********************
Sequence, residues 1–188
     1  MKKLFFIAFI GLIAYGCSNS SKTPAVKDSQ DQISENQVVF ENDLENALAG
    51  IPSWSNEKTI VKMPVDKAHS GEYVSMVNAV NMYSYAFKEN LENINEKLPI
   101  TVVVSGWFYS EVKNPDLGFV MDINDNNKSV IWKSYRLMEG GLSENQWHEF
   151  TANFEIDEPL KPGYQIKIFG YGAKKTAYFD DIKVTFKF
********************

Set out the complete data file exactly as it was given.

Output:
Sequence, residues 1–188
     1  MKKLFFIAFI GLIAYGCSNS SKTPAVKDSQ DQISENQVVF ENDLENALAG
    51  IPSWSNEKTI VKMPVDKAHS GEYVSMVNAV NMYSYAFKEN LENINEKLPI
   101  TVVVSGWFYS EVKNPDLGFV MDINDNNKSV IWKSYRLMEG GLSENQWHEF
   151  TANFEIDEPL KPGYQIKIFG YGAKKTAYFD DIKVTFKF